Marijuana is sometimes described as a hallucinogen, which may seem like Reefer Madness garbage to most tokers. However, scientists recently discovered a critical gene mutation in people who say they trip from weed, indicating that, yes, weed can act as a hallucinogen in some people.
The study, published Monday in Translational Psychiatry, was a massive joint research project with Yale University, Washington University, Indiana University, Boston University, and the University of Pennsylvania’s Schools of Medicine. The State University of New York Downstate Medical Center also contributed.
Here’s what they did. The researchers collected DNA samples from over 9,000 American subjects — roughly half of European descent and the other half of African descent. Then, they asked the subjects, “Because of your marijuana use, did you ever experience any of the following: Hearing, seeing or smelling things that weren’t really there?”
The subjects’ answers were compared to their gene sequences. Subjects who reported seeing, smelling, or hearing things “that weren’t really there” all shared one thing in common: a mutation in the CHRM3 gene, a gene responsible for a whole bunch of wild shit. And get this: the CHRM3 gene responsible for causing hallucinations likely originated in European populations, not African ones.
What does CHRM3 do, exactly? Scientists are still figuring that out, but one thing it’s responsible for is regulating our REM sleep cycles. REM, or rapid eye movement, sleep occurs when we enter the deepest stage of sleep and begin dreaming. So, just as we experience things entirely in our heads while we sleep, part of this dream world may creep into the waking world when people with the CHRM3 mutation smoke weed.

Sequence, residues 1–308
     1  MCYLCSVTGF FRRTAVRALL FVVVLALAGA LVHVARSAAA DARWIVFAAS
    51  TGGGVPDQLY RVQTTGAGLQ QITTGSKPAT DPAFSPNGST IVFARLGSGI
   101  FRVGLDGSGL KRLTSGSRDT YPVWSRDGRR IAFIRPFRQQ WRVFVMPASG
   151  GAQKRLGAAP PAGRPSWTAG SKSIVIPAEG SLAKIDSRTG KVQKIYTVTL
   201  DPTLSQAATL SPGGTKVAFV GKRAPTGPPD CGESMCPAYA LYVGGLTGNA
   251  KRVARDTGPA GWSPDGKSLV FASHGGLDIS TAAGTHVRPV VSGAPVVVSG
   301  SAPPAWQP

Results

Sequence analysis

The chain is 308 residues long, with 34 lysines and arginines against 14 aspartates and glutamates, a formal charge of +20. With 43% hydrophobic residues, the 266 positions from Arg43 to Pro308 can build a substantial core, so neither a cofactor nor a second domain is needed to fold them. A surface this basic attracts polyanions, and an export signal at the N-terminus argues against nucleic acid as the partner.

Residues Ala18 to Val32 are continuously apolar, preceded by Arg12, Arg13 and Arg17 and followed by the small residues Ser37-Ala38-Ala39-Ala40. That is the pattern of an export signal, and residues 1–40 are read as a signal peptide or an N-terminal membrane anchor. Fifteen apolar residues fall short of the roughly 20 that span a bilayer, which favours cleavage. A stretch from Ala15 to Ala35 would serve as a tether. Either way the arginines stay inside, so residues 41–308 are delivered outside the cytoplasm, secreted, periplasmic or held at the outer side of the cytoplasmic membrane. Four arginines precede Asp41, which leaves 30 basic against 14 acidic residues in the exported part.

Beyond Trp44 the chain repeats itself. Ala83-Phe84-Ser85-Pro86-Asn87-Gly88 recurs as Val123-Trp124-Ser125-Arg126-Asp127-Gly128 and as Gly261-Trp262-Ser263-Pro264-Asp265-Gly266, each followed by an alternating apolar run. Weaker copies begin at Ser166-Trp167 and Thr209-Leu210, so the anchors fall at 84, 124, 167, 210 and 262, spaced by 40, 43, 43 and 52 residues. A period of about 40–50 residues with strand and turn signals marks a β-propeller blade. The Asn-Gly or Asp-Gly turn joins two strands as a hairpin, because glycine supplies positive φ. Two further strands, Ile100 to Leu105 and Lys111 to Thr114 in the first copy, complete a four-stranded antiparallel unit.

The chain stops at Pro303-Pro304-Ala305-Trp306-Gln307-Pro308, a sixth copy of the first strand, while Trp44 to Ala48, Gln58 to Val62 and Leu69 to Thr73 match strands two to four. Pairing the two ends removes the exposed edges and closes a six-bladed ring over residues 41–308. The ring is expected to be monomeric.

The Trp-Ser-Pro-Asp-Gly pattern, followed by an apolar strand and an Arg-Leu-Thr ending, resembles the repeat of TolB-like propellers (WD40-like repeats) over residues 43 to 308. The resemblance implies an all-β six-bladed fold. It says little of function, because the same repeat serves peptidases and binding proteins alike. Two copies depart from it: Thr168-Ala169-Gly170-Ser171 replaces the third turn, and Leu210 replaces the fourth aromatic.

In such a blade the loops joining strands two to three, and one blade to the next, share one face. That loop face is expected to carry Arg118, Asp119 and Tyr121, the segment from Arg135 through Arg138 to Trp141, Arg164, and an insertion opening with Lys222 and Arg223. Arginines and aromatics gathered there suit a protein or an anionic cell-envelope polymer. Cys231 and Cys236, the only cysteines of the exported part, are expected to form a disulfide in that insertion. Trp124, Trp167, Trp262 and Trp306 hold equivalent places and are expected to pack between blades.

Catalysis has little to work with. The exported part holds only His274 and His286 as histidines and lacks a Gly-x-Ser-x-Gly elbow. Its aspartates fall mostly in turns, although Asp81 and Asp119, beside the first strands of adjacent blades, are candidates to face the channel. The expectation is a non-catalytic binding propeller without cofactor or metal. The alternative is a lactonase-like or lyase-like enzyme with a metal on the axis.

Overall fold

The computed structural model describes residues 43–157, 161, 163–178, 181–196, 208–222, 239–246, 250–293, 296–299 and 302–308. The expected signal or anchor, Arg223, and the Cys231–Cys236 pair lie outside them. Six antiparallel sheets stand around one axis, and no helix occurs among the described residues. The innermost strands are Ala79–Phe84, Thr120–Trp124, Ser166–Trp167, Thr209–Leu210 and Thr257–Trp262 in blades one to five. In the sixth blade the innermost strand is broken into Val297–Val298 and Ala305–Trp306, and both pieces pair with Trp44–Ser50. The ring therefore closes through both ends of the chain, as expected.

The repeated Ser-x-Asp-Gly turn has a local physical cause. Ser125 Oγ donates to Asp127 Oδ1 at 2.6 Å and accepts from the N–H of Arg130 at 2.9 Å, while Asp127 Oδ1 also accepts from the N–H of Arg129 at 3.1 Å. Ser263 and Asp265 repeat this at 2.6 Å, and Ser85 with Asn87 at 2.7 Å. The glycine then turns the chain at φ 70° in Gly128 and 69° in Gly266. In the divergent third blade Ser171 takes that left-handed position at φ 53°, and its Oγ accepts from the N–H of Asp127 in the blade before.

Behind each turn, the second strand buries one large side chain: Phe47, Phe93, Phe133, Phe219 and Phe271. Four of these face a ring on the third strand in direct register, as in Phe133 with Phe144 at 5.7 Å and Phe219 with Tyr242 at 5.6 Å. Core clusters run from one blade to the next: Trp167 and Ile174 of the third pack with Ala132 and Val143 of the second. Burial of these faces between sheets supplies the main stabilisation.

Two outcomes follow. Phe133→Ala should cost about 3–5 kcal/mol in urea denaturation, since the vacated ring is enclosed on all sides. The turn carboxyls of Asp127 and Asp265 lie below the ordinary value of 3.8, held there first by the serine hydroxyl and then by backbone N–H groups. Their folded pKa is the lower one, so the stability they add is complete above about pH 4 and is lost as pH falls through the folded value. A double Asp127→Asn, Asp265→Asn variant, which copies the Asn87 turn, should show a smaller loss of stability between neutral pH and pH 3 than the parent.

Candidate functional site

CHRM3 is also physically linked, by spatial distance, to other genes that are associated with hallucinations. In mice, we know this variant of CHRM3 tends to come with a total package of other mutant genes including versions of GABAG2, CHRNA4, and HRH3, three genes that regulate dopamine and serotonin production in our brains. And, as you probably already know, dopamine and serotonin are responsible for the trips caused by psychedelics such as LSD, psilocybin mushrooms, and DMT.
The above mentioned genes are also associated with schizophrenia, a genetically inherited, permanent mental condition marked by hallucinations. Specifically, the mutant version of CHRM3 produces an unusual protein, AChR M3, which is seen at elevated levels in schizophrenic patients. Antipsychotic drugs prescribed to schizophrenics can counteract this protein, reducing hallucinations.
Does this mean that weed can cause schizophrenia? Absolutely not. (And Harvard University has our backs on this.) Doctors believe schizophrenia is largely genetic, though some environmental factors may trigger its onset. While scientists are still debating how marijuana can contribute to schizophrenia’s symptoms, all this latest study does is show that there are some genetic similarities between people who trip on weed and people who are schizophrenic. Don’t get it twisted.
So, there you have it: Some people see, hear, or smell things that aren’t there when they’re on weed. It’s genetic; it has nothing to do with their tolerance levels, experience levels, or other drug use. And if anything, they’re getting more out of their cannabis high than folks who don’t hallucinate (just a little) from marijuana, in my totally humble, absolutely sober opinion.
So, in the name of freeing this plant, please stop shaming people who trip out when they smoke weed. They can’t help it, and elitist weedsplaining isn’t going to change that.
A mutation in the CHRM3 gene, which originates in European populations, is associated with other genes that are responsible for visual and auditory hallucinations. Harry Anslinger is officially rolling over in his grave.
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